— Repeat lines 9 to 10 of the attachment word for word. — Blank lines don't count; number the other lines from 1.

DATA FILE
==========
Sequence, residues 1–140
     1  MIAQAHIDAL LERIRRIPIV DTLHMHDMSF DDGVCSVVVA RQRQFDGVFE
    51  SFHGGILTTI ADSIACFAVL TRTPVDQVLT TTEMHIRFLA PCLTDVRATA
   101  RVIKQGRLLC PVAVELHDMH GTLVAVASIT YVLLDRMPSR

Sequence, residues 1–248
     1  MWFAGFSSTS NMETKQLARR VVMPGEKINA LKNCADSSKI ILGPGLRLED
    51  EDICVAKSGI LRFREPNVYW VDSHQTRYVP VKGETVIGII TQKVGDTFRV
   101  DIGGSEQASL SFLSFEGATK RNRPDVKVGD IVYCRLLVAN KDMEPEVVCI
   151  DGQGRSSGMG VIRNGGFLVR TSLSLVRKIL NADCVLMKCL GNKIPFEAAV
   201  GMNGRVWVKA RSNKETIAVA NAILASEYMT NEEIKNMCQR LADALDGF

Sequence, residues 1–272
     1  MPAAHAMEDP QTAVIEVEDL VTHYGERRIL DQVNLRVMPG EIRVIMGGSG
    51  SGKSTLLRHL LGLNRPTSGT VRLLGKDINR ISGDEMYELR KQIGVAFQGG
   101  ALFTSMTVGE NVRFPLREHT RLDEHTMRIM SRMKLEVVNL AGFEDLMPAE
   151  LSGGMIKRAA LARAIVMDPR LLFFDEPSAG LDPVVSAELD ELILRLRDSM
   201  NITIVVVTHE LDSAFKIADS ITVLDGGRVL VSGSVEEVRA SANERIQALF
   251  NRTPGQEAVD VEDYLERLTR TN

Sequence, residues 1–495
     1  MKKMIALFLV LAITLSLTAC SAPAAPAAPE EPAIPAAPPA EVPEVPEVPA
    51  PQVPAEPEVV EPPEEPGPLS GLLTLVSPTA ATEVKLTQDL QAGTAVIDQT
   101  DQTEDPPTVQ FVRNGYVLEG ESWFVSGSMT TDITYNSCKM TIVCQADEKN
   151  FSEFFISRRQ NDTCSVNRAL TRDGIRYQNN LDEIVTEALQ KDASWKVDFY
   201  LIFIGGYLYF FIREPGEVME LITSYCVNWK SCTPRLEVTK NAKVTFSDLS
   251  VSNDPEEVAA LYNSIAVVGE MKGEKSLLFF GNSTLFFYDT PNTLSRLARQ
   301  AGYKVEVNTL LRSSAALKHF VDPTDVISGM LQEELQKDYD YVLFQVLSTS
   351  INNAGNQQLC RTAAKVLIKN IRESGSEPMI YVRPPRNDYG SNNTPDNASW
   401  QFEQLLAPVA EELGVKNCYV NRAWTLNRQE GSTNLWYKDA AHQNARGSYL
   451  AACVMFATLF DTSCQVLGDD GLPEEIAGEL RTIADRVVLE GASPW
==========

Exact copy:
   151  DGQGRSSGMG VIRNGGFLVR TSLSLVRKIL NADCVLMKCL GNKIPFEAAV
   201  GMNGRVWVKA RSNKETIAVA NAILASEYMT NEEIKNMCQR LADALDGF